Mystery at Salt Marsh Bridge - Chapter One
edited: Sunday, June 04, 2006
By John M. Prophet
Not "rated" by the Author.
Posted: Sunday, June 04, 2006
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Chapter 1 An Interesting Bit of News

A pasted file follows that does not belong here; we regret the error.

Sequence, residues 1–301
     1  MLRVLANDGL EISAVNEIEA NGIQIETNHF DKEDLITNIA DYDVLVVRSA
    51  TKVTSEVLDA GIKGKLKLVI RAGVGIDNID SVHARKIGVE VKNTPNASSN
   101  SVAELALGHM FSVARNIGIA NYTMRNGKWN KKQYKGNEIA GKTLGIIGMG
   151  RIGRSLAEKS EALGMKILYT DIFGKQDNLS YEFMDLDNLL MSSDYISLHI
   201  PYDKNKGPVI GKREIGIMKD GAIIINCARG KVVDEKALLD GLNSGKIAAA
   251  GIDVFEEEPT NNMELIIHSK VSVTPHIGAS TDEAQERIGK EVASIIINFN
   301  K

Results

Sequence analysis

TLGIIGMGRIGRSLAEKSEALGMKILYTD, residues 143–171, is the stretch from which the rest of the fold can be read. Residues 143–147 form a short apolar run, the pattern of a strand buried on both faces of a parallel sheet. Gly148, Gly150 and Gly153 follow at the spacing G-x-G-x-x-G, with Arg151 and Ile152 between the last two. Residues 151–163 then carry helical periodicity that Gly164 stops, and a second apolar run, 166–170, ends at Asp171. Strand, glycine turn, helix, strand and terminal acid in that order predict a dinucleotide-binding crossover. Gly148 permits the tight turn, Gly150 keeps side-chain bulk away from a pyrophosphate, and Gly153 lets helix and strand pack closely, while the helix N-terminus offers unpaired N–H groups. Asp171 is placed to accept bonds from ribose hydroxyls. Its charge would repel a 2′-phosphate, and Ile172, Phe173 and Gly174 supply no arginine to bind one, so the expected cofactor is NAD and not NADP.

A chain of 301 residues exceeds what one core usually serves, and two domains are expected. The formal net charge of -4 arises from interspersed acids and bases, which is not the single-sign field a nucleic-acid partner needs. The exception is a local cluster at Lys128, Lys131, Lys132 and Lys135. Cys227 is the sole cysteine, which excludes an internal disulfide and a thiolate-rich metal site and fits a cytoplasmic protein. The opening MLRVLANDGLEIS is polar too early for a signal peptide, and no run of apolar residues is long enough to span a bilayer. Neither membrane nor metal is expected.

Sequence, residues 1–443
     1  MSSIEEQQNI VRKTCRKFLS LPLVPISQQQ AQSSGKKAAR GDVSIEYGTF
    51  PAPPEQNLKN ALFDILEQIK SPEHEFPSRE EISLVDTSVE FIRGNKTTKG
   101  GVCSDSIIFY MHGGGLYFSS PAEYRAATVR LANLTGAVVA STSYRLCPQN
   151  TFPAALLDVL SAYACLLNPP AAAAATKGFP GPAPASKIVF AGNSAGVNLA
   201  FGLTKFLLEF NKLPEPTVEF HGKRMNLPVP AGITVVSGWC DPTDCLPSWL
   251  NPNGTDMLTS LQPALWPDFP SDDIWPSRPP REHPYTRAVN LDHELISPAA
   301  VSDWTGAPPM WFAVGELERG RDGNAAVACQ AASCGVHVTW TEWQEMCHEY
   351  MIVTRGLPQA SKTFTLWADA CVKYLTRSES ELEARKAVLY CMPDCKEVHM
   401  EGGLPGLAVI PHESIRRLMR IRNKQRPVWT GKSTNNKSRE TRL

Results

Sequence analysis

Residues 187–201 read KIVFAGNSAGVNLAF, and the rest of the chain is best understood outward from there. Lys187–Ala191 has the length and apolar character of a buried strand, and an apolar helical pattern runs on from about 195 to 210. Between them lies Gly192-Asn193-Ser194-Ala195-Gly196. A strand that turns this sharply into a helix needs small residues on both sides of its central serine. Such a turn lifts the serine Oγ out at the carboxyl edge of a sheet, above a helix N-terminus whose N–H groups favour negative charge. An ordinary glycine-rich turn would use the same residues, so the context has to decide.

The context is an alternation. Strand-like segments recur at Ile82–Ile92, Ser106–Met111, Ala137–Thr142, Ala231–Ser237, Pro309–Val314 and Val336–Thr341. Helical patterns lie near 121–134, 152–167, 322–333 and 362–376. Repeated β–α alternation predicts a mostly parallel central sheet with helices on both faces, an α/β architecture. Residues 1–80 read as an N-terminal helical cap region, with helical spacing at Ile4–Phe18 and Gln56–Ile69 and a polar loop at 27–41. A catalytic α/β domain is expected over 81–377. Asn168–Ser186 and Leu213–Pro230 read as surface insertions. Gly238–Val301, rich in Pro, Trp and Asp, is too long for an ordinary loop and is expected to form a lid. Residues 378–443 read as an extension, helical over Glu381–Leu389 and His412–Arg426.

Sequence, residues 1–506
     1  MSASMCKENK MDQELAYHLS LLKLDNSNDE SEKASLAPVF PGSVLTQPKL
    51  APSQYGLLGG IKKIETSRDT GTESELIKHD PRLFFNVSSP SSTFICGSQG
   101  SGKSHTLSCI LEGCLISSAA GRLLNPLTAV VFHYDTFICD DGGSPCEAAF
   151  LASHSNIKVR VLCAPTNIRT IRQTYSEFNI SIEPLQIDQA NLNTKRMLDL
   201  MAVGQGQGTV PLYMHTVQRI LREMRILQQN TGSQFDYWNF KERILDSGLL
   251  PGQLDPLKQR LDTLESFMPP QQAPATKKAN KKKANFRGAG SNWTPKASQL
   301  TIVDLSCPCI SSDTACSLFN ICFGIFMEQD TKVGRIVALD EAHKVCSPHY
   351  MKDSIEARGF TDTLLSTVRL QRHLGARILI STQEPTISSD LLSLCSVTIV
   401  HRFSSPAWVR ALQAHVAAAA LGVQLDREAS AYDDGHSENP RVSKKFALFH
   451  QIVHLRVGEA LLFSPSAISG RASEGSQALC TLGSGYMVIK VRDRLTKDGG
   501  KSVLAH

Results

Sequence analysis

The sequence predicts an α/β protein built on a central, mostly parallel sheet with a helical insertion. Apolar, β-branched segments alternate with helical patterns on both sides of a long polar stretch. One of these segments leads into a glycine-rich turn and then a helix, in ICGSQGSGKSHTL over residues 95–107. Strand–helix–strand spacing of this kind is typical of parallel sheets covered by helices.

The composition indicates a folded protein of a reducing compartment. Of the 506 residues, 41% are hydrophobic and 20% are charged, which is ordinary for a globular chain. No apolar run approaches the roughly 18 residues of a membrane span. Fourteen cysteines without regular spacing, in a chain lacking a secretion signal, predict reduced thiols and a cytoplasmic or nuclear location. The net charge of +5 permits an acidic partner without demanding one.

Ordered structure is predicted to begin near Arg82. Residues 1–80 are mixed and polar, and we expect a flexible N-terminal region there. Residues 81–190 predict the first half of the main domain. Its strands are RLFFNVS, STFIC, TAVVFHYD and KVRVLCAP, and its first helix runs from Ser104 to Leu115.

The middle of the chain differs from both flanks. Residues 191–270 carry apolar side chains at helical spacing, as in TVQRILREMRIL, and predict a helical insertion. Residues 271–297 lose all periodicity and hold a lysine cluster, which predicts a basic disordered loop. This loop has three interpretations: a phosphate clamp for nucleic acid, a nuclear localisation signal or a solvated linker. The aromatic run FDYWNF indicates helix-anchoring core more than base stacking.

Chapter One of my book begins with Casey Miller stomping out of the principal's office at his school. He is angry and defiant. The reason for his defiance is his frustration about a promise he made to a friend in Shorewood where he used to live. This is an exaggeration of a feeling I had when I was about 10 years old. One of my friends, Billy King, (real person) died when he fell off the roof of the Barker Lumber Company in Waltham, MA. He and some of my other friends, including Bobby King, Billy's younger brother, broke into the lumberyard (reason unknown). For a time, no one had a straight story about this. Rumors flew that Billy may have been murdered, but the rumors were disspelled by the announcement that death was accidental. I have taken liberties with this event by having Bobby (Keith in my book) make Casey promise not to tell the police or anyone about Bobby's involvement in the break-in which meant that if anyone, including the police, quizzed Casey about the case, Casey would have to lie. Shortly after this event, Casey moves from Shorewood to Elm Grove (a fictionalized Scituate, MA where I lived for 30 years). He carries this baggage with him and thus he becomes socially outcast and his personality changed from friendly to angry. I invented the plot about the missing girl, Ann Robertson. In order to get Casey into the case, I also invented a newspaper article from 1898 and stuck it in an old cupboard which Casey had to use because all of the metal lockers in the school were taken. This was my way of getting Casey and Lexie together. Lexie is also new to Elm Grove having moved from San Francisco and she had to use a similar cupboard parked next to Casey's. Though Casey is angry, he sees Lexie as someone he'd like to meet. Casey's personality, size, etc. are from my son, Glenn. Lexie's characteristics come from my two daughters, Jill and Martha. Glenn, growing up, was a risk taker. He rode a motor bike when he was eight years old. On the very day that we moved to the house on First Cliff in Scituate, on the ocean, Glenn took out our small dinghy (with sail) and got caught in a squall resulting in his capsizing and rescue. He came home soaking wet with no apparent effects. Just a day at the beach. Lexie's name came from the Internet, Alexandra. I have depicted Lexie as a child of mixed-racial, professional parents, father caucasian, a salesman for IBM, mother Black, the first Black woman to win an award for book illustration. My living in CA for 10 years taught me about tolerance for all races. Jill is artistic, Lexie aspires to follow in her mother's footsteps as an artist. Martha is a risk taker, with a bubbly personality. Lexie is Jill and Martha personified. Lexie feels like an outcast because she isn't interested in joining groups. There is a group of Black girls at the school, but she doesn't want to join them, or any group. So, Casey's and Lexie's friendship begins here. For the plot to develop, I needed to have Casey and Lexie track the history of the missing girl. Casey is curious about the newspaper article and shares it with Lexie. In the article, mention is made of a memorial plaque for Ann Robertson. In all of my books, I use the same method to get Casey and Lexie involved in a case. I introduce something of interest, something relatively benign, that arouses their curiosity. They cannot resist going deeper into a case. More on Chapter 2 to come.